In the last fiscal year, of the 358 listed tradable securities, Dhaka Stock Exchange witnessed only 29 to end in green
At the end of fiscal year 2019-20, frustrated investors at the Dhaka Stock Exchange (DSE) are looking back to all the deteriorating capital market indicators such as stock pricing, arrival of new stocks or market activities.
Amid the horrible faces of the extremely depressed market, the premier bourse has only one good thing to offer – some cheap stocks.
If there is no further headwind, the attractive price level of a large number of stocks might emerge as the ray of hope in coming days, believe experts.
From the beginning of July 2019 to the end of June 2020, the stock market in Dhaka was nothing but a story of fall.
Of the 358 listed tradable securities, DSE witnessed only 29 to end in green, thanks to the devastated investors' confidence, money market imbalance, turbulent banking sector and hurdled corporate earnings.
The market had already been struggling with its own problems even before the novel coronavirus broke out in the last half of the just past fiscal year.
However, following a two-month economic shutdown, including the market trading, the key benchmarks at the DSE have lost 25-31 percent over a year.
Foreigners' sale off, concentrated in blue chip stocks, made the blue chip index DS30 the biggest loser.
Market capitalisation at the DSE fell by nearly 22 percent to Tk3.12 lakh crore to worsen the GDP-to-market capitalisation ratio that reflects how underdeveloped the capital market is.
Due to the 66-day shutdown, the market had 203 trading days in the last fiscal year while the market was open for 238 days in the previous year.
The ongoing fall restriction through the imposed floor price mechanism in individual stocks further dried the market up.
At the end of the fiscal year, turnover at the DSE fell by 46.63 percent while the number of shares or units traded dropped by 42.4 percent.
Average daily turnover at the DSE fell below Tk382 crore, from Tk614 crore a year ago.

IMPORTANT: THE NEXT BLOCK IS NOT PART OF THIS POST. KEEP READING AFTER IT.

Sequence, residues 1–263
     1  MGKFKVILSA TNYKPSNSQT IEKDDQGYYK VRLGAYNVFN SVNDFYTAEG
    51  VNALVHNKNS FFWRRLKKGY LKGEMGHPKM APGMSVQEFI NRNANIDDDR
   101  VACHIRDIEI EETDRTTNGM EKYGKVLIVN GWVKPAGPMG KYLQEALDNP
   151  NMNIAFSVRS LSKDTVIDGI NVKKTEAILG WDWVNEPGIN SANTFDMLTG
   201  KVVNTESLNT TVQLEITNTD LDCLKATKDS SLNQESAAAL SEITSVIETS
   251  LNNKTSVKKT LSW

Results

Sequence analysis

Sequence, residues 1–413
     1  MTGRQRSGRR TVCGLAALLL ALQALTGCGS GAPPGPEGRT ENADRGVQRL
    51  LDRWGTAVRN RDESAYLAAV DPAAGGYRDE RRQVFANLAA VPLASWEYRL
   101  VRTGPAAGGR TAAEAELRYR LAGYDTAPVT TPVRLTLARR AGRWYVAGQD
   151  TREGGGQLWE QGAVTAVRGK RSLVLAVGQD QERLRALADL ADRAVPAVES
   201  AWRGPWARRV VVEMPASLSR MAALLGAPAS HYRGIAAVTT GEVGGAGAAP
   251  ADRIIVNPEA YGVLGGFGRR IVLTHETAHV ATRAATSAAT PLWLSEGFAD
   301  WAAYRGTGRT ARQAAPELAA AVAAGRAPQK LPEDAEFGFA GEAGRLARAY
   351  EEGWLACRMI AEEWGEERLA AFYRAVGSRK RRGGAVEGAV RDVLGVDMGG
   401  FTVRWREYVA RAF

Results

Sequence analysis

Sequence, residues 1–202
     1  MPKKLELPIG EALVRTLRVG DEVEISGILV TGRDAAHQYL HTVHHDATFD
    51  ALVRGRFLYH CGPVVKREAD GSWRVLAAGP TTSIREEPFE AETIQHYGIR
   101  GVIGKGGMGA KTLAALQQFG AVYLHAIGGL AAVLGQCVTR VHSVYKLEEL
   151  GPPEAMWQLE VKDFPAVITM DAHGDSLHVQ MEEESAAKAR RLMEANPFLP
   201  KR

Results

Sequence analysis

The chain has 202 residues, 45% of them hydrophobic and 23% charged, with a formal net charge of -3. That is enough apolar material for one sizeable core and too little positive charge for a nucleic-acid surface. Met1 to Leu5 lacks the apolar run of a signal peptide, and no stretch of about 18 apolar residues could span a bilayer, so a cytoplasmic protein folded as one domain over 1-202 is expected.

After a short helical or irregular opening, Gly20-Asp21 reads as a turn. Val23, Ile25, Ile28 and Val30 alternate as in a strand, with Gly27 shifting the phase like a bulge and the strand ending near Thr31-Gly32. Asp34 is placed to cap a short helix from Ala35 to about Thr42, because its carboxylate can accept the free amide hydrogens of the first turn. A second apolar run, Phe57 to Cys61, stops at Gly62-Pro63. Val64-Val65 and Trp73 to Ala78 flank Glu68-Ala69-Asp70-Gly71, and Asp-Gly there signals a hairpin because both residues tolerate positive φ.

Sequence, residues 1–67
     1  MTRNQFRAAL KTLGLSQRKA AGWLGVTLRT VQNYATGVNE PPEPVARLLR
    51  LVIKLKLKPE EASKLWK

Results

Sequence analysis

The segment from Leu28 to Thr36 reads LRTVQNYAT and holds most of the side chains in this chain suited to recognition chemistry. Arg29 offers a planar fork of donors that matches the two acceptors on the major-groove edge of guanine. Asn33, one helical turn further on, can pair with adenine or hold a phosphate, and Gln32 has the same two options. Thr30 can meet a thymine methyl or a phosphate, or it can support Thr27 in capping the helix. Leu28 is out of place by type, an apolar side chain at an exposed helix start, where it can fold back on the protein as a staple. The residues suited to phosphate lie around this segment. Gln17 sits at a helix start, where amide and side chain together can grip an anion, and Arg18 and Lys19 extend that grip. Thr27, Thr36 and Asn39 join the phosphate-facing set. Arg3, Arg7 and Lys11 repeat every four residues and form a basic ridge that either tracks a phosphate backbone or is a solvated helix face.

The anemic trading activities pushed market intermediaries into a tight situation and ignited job losses.
The primary market was a hotcake till 2018. But following a serious wake-up call to stop poor performing businesses from entering the bourses alongside a number of allegations of manipulation, the securities regulator turned too conservative to approve initial public offerings.
In 2019-20, the IPO market went so dull that only three companies and a corporate bond entered the market to collect less than Tk300 crore.
The primary market was never so dull since at least the mid-2000s.
Record low price against earnings
At the end of June, the DSE posted an average price-to-earnings (PE) ratio of 9.31. The ratio was 14.25 even a year ago.
PE ratio reflects how many years a stock might take to pay back a secondary market investor from its annual profit alone. The lower the ratio means the stock is believed to be cheaper.
DSE database since the mid-2000s reveals that stocks at the bourse were never so cheap.
Shakil Rizvi, a director at the DSE, believes such low PE usually attracts investors from home and abroad and often triggers a turnaround at some point.
All the equity analysts are yet to buy the low PE offers as they are still not sure how deep the pandemic is biting on the companies' profits.
They know if profits drop drastically, the same stocks at the same price will witness a higher PE ratio.
The uncertainty coupled with fear amid virtually no inflow of fresh capital seems still highlighting the downside.
Majority of the stocks are not receiving spontaneous buy orders at the existing floor price.
CFA Charter Holder Abdul Muntakim, chief executive officer of merchant bank PLFS Investments Ltd, believes that the market has already overreacted in the case of a large number of stocks.
"The tough situation is impacting company fundamentals for sure, but I feel a large number of stocks have already faced a bigger blow in the market compared to what they would face in their business ultimately," he added.
Earnings may drop, dividends may fall in tough days. But a number of companies should find their way to comeback, Muntakim believes.
If a company succeeds to do so and its stock price is too cheap right now, investment may prove profitable in future. One must analyse things seriously, said the investment professional.
"The market really lacks fund inflow and we are seriously looking for positive developments in this regard," he added.